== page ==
Bruins’ Krejci Latest Player Suggesting Coaching Change Was Due

Following their elimination in the first round of the 2022 Stanley Cup Playoffs in seven games by the Carolina Hurricanes, there were so many questions surrounding what the future held for the Boston Bruins. Who was going to be back for the 2022-23 season? Who was going to be gone? Was that the last time anyone would see Patrice Bergeron in a Bruins uniform and was he heading for a well-earned retirement?

There were many questions, but very few answers. Three weeks after the season ended and everyone scattered their own way for the summer, general manager (GM) Don Sweeney made a trip on the afternoon of June 6 to Bruce Cassidy’s suburban Boston home. The Bruins GM made the 15-minute drive north of the city to inform Cassidy that despite having a year remaining on his contract, he was being released from his duties, weeks after telling him he would be back.

Related: 5 Bruins Storylines to Watch in the Second Half of 2022-23

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The move sent shock waves through not only the Bruins fanbase, but the NHL. What changed Sweeney’s mind? Why make the move weeks after telling him he was safe? He spoke about that a day after the removal of Cassidy.

“The timing, after taking a few weeks to unpack a lot of things that happen over the course of the year, and where I thought our team was currently and equally — with some of the surgeries and some of the things coming out — where our team was gonna be going forward, impacting our club, I just felt that the messaging and the voice that was gonna be required, I felt we needed a new direction,” Sweeney said.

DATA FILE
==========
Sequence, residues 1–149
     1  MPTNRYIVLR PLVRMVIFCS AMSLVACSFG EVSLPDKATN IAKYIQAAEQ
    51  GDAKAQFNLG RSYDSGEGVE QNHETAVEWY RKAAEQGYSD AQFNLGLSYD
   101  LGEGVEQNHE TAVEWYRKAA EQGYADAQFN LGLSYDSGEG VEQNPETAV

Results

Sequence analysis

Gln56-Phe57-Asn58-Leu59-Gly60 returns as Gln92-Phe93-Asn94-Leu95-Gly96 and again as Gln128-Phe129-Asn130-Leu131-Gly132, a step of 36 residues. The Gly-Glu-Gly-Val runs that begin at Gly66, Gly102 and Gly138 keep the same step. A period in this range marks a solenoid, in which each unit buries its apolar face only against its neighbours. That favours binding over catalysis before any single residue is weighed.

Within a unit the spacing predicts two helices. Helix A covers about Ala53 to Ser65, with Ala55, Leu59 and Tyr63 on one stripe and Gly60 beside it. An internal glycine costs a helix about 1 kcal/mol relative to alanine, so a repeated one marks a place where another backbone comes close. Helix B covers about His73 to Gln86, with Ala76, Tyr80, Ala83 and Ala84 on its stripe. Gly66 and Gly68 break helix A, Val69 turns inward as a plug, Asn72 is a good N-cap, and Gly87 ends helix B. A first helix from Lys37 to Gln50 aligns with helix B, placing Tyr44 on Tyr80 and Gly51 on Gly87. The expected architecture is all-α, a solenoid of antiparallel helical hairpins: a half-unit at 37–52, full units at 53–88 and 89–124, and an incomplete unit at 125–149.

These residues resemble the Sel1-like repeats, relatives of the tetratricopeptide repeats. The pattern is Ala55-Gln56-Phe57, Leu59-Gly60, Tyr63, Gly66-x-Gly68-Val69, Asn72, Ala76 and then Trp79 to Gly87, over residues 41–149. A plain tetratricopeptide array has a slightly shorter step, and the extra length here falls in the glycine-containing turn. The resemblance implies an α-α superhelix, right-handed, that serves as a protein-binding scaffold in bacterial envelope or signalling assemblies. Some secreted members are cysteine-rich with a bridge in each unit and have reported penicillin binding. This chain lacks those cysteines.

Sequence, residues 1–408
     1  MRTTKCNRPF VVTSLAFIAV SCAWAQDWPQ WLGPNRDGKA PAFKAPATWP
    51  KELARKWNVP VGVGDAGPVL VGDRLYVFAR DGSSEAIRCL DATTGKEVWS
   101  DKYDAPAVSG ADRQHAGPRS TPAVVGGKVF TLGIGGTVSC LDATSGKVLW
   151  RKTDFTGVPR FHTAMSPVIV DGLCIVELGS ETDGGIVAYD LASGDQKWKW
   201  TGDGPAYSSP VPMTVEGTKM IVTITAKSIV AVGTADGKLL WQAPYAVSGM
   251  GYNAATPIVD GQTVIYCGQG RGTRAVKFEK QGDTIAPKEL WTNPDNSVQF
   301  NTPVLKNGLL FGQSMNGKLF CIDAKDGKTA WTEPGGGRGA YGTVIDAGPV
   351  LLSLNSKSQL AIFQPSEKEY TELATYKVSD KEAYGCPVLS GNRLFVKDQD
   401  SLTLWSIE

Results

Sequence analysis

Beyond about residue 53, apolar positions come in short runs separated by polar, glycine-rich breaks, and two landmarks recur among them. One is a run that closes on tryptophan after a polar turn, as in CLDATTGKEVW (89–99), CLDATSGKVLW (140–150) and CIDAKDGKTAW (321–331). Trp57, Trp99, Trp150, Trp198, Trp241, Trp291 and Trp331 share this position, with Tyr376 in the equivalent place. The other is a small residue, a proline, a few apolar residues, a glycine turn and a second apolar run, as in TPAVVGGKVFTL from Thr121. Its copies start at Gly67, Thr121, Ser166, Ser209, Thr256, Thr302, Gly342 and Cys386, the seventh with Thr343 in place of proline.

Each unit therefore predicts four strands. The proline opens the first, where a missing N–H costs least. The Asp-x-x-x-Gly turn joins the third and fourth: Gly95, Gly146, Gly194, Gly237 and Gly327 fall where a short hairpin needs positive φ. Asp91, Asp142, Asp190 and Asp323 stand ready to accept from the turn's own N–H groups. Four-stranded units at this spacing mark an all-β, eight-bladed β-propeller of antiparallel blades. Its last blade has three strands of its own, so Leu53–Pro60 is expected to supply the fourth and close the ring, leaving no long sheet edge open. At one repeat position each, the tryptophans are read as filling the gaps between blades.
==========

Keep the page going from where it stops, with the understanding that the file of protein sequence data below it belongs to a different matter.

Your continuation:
Sweeney’s New Direction Was Jim Montgomery

After a coaching search that lasted three weeks, the Bruins’ former defenseman decided to hire Jim Montgomery and give him a second opportunity in the NHL as a head coach. Known more of a players coach than Cassidy, the former Dallas Stars coach and St. Louis Blues assistant has come right in and installed his system that has everyone on the roster succeeding.

Jim Montgomery Boston Bruins head coach
Jim Montgomery, Boston Bruins head coach (Amy Irvin / The Hockey Writers)

Following the Bruins’ 6-0 win over the Philadelphia Flyers on Jan. 16, veteran David Krejci, who spent last season in his home country of Czechia instead of returning to Boston in free agency following the 2020-21 season and had just played in his 1,000th career NHL game, spoke about the makeup of the 2022-23 Black and Gold and returning to finish his career with the team that drafted him. He also spoke about the change behind the bench since he was last in Boston.

“I’m very thankful and grateful that they gave me a call in the summer to come back,” Krejci said. “Obviously there’s some expectations, but I’m just glad with the way the team is playing. The record speaks for itself. I feel this could be a special year. We know what we have in this room, we don’t take it for granted, and we’ll see how it goes.

“I like the mentality of this team .. The coaching change helped a lot.”

In training camp, defenseman Brandon Carlo was outspoken about the change behind the Boston bench.

“I feel like there’s just a certain calmness because I’m not worried about making a mistake,” Carlo said. “That’s the thing that got in my head last year. I was just too worried about, essentially, f—ing up. I’ll just be blunt.” (from ‘Brandon Carlo, Jim Montgomery and the impact of a new voice on the Bruins: ‘Something we really needed’,’ The Athletic, Sept. 14, 2022).

In November, Nick Foligno, a veteran and former captain of the Columbus Blue Jackets, spoke about the coaching change and how it’s affecting him and his teammates.